By: Tina Bridenstine
May is Older Americans Month — a time to acknowledge the contributions of older individuals in their communities.
The Hownikan interviewed two Citizen Potawatomi elders about their role in the community and their advice for the younger generations.
Working for peers
Lyman Boursaw, now 90 years old, served in the U.S. Army as a young man.
“Regardless of what my brother says, I was not in the War of 1812,” Boursaw quipped. “I was in the Korean War.”
The Boursaw family descendant remains active in the CPN Veterans Organization and has carried the Eagle Staff for 20 years.
“It was an honor — quite an honor,” he said. “But I can’t make that many trips around the ceremony circle anymore. Last year, we did an abbreviated color guard, and this year, I think I’ll just have to watch.”
In the Army, Boursaw was a specialist for non-commissioned officers and trained on the 75-mm Skysweeper anti-aircraft artillery.
“When I went in the service, it was state of the art. When I got out of the service, it was obsolete,” he said. “Everything changes.”
Boursaw now lives in Rossville, Kansas, where he is regional housing manager for the Citizen Potawatomi Nation.
He was living 20 miles away in Topeka when the director of housing at the time showed him a vacant piece of ground and told him the Tribe was planning to build a community center and 20 duplexes, then asked Boursaw if he would manage it.
That space, today, holds the duplexes that make up the Rossville Elder Village, where Boursaw himself is a resident, and the community center, where his office is located.
“I live across the parking lot, 110 steps from the front door,” Boursaw said. “I count them every day.”
As regional housing manager, Boursaw rents and manages the community center and duplexes. In the village, he said the Tribe provides elders with housing, an affordable rent program and the Senior Support Network, where elders can receive assistance with medications, transportation to doctor’s appointments and more.
Boursaw said, in some ways, he thinks his age is an advantage in the work he does. He remembers when his mother lived in an assisted living facility with a director he described as young and very intelligent.
“But she had no experience of what the elders had gone through, or what they were going through at that time with all the computers and cell phones and internet and all the things that they did not comprehend,” he said. “So, I think being an elder does help in that way. And I believe taking care of our elders is also serving our Tribe.”
When asked about advice for the younger generation, Boursaw said, “My only advice is to take good care of the elders. They usually know a lot more than you think they do. Learn from the elders.”
And to his fellow Tribal veterans, he said, “We need more participation in the veterans group. Become active.”
Dancing at 80
At the age of 80, Tribal elder George Godfrey, from central Illinois, is still telling the story of the Citizen Potawatomi through dance.
“As much as I can,” he said. “There’s some physical limitations. I have to overcome those. If the temperature is too high, my cardiologist said no. So as long as it’s 85 (degrees) and a little below, I’m OK.”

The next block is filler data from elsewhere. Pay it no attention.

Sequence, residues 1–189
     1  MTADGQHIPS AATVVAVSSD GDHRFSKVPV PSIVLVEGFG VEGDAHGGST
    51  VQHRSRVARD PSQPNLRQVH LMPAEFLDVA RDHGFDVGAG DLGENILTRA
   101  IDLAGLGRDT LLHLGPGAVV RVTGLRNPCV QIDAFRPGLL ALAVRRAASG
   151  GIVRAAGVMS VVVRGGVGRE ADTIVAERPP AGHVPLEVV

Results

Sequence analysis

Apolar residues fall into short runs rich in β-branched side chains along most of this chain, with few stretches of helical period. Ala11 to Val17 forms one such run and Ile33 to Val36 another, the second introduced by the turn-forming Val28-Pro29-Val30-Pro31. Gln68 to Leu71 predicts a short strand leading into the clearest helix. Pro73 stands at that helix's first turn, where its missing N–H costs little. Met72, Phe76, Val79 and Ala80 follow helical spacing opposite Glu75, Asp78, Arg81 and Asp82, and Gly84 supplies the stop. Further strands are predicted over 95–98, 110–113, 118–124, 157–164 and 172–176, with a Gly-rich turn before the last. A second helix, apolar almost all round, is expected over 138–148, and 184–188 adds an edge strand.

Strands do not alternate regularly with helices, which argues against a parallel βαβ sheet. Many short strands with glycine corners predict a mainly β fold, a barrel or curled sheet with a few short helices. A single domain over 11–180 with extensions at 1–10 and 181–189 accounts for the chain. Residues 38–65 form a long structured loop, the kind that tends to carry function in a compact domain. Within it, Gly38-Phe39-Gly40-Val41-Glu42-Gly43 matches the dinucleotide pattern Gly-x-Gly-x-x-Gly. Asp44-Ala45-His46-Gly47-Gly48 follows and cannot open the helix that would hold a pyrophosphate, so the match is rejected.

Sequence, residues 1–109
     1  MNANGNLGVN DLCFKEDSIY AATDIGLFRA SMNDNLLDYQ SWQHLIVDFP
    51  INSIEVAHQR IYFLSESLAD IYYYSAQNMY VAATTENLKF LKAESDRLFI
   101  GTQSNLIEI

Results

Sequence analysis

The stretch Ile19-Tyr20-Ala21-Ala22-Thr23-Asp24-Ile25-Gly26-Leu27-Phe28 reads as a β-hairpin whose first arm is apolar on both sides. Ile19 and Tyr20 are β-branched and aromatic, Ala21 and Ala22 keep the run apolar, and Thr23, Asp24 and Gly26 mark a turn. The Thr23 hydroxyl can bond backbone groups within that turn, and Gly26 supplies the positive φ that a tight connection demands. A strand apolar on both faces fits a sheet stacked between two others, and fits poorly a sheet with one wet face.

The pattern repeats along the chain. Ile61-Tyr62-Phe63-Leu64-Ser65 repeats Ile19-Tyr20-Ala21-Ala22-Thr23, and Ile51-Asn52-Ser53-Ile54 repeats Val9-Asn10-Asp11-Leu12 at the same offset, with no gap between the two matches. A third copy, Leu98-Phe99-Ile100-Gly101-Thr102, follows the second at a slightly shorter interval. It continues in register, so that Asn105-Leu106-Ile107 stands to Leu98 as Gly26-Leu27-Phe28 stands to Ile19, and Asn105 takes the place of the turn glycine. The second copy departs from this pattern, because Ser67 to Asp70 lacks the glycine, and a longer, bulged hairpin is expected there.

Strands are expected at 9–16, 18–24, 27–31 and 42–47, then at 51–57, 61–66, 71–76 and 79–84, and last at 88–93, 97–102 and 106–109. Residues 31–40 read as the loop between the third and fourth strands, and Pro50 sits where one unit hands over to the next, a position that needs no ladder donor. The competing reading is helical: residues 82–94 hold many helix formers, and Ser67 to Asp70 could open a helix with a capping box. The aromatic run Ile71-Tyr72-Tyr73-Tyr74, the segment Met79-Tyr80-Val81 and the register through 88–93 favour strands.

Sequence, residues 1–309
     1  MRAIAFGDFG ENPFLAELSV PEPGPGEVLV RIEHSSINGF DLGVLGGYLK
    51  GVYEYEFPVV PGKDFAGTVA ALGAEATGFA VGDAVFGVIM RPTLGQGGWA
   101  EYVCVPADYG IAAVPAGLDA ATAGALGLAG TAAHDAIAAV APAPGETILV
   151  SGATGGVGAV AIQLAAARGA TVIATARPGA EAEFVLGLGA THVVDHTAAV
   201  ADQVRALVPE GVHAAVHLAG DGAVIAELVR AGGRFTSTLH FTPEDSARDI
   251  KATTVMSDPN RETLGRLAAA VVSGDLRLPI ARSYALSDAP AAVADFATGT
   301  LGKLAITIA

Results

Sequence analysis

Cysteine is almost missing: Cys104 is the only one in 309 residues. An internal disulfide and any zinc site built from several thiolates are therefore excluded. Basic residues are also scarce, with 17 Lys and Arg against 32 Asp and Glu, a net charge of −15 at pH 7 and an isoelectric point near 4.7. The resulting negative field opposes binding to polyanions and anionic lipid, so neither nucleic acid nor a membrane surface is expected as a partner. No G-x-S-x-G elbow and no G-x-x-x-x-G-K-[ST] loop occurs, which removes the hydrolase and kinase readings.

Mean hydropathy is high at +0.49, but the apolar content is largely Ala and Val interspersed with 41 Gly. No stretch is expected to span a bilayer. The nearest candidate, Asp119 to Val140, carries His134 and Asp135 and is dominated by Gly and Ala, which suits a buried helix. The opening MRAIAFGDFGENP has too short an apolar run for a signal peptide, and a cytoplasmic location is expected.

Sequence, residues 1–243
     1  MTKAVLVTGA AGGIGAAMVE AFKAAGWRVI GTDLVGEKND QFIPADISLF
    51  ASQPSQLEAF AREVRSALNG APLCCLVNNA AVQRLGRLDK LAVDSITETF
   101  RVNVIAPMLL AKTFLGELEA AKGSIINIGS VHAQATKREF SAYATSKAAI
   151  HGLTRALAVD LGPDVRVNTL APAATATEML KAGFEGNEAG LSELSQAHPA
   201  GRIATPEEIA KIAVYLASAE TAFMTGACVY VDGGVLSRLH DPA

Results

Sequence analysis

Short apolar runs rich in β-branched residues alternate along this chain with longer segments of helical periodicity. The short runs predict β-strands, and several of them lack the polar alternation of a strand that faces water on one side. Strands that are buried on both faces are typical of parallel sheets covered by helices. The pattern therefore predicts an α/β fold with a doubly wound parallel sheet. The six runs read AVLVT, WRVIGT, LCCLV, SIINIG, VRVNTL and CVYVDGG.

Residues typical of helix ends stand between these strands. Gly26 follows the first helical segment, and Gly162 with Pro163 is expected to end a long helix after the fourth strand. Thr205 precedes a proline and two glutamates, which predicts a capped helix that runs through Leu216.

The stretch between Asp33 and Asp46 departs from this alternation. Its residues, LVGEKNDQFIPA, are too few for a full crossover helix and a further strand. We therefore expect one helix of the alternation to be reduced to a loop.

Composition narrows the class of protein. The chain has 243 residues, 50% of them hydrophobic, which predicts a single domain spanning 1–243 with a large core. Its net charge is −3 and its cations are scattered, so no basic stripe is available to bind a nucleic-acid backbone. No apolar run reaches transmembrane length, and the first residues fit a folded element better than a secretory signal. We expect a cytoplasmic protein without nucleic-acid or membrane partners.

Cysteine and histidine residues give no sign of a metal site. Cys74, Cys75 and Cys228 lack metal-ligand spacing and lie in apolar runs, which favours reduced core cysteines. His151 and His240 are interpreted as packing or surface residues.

Godfrey started dancing in 1988. At that time, he said, few Tribal members danced. He watched others dance and picked up pointers along the way, but much of what he did was just working on his own. Years later, he said, Tribal Chairman John “Rocky” Barrett spoke to Godfrey at a district meeting on the East Coast.
“I don’t know if Rocky remembers saying this or not, but he mentioned that I had brought dancing back to the Tribe,” Godfrey said.
Through research, especially viewing portraits of Potawatomi by artist George Winter and clothing displayed in museums, Godfrey designed and created historically accurate dance regalia — or as close as possible.
“I want to reflect only what is really historically Potawatomi because I use it as an educational venture as much as anything,” he said.
A lot of thought goes into his dancing as well. Dancers should always reflect an animal or emotional aspect and should tell a story, he said.
In his dancing, he tries to incorporate four movements. The first is of a person who stands upright and proud. The next, he dances backwards, representing the story of a blind woman who, when being forcibly removed by the U.S. government, drew backward when the person in front of her led her to a river, and she felt the water. The third is a swaying motion that represents a statement made when the Potawatomi were in Council Bluffs, Iowa, and an elder told an Army officer, “We feel like we’re birds in a windstorm, and we don’t know which bough to land on.” The fourth and last movement is the return of the proud stance.
Dancing has become harder on Godfrey as he gets older, and he thinks he needs to “step back and let the younger people do their thing.”
“When I see the young children, I’m very glad that they’re taking their own view of dancing and are bringing that into their lives and into the life of the Tribe,” he said.
But he also advised the younger generation when they dance to “realize that when they’re in the dance arena, they’re not to be thinking of themselves but be thinking of everybody.”
He also encouraged them to take the initiative to learn about their Tribe, who they are and where they came from.
You can see more about Godfrey and his regalia in CPN member Sharon Hoogstraten’s book, Dancing for Our Tribe: Potawatomi Tradition in the New Millennium.
To learn more about the CPN Veterans Organization, visit cpn.news/CPNVeterans.